Local Commentary

Our Man in Arlington

Arlington has been home to many musical luminaries — think Kate Smith, Jim Morrison and Roberta Flack.

I have a feeling fans will someday add the name of Justin Trawick to our local all-star program notes.

I caught Justin and his bluegrass-y band “the Common Good” at the State Theater Nov. 22, and again when he emceed the “9 Songwriter” holiday music series on Kennedy Center’s Millennium Stage Dec. 19.

The exuberant chatter and original lyrics of this 38-year-old Westover resident were so infectious, I had to book him for a Lost Dog lunch date to explore the current-day life of a not-yet-first-tier singer, songwriter and multi-instrumentalist.

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“This is Jean, who’s been playing with me for about 1,200 years and pretends to be a very good stage manager,” Trawick told the crowd of several hundred. “This is the biggest audience we get to play for every year,” he jibes from the stage wearing a sassy Fedora. “We will now become Instagram-famous in Arlington.”

The brisk patter, he confided to me, is his “A.D.D. running wild on the spur of the moment.” He evolved from a youth who was self-conscious on the dance floor to a performer who “developed the ability to no longer care.” Trawick strives to “be energetic, funny and self-deprecating, the best version of me. The music shouldn’t be a project but toe-tapping fun that tells a story.”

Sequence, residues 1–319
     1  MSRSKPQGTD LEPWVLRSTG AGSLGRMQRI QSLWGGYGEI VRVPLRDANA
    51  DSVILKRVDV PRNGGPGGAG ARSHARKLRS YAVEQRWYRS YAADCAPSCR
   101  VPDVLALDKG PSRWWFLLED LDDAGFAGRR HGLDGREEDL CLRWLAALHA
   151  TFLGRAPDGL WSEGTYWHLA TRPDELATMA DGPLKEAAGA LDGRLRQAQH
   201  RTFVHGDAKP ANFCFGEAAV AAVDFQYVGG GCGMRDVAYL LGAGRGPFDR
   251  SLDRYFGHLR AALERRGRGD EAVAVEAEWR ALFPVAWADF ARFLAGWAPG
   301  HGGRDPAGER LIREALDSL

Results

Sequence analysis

Trawick has opened for Sara Bareilles, Blues Traveler, Suzanne Vega and bluegrass star Dan Tyminski, once sharing the bill with the Avett Brothers. He has released six collections made up mostly of his compositions (one titled “How to Build Life With a Lemonade Stand”). His award-winning single “All the Places That I’ve Been” was inspired by his grandmother and their shared love for Americana tunes in the film “O Brother, Where Art Thou?”

Raised in a pre-Civil War house in Leesburg, Trawick created his first music on a saxophone in 6th grade, followed by riffs on the trumpet. Bored one day during summer before 9th grade, he happened on his father’s cheap guitar with broken strings in a beat-up cardboard case.

“I started writing songs quickly in a connection to creativity, like a diary,” he recalls. “I didn’t’ learn lots of covers — no Smashing Pumpkins or D.C. 101.” A first public performance was “My Pretty Angel,” a song for an unattainable girl. There followed a Catholic folk mass, then a bluegrass gig at a Loudoun County retirement community as a 16-year-old with guys “probably in their 40s or 50s.”

Attending Longwood University, Trawick toyed with conventional bands with drums and electric guitars, but soon morphed into leading a string band with a fiddle, upright base and mandolin. “The style didn’t really change, just the instrumentation,” Trawick says. But the Common Good is “kind of a fake bluegrass band” that plays mostly originals the traditionalist might consider “blasphemy.”

Trawick’s misses the late, lamented Iota Club in Clarendon, which showcased locals and national acts.

Since 2008, he’s been professional, now with an agent who helps book 10-20 gigs a month. The charming motor-mouth is grateful to have a Westover landlord who understands that musicians don’t make much money living their dreams.

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Dec. 16 brought the death of longtime Yorktown High School football and gymnastics coach Jesse O. Meeks. He was 92 and retired in Bon Secour, Alabama.

Meeks figures prominently in the school’s online sports history from the ‘60s through mid-70s. He mentored many Patriots even as they played against his own sons at Washington-Lee. He was also beloved as the summertime manager of the Dominion Hills pool.

Meeks taught me discipline on the gridiron that endured in later life. On the phone just a few years ago, I got to thank him.


Editor’s note: This column has been shortened since publication to better protect the musician’s privacy.

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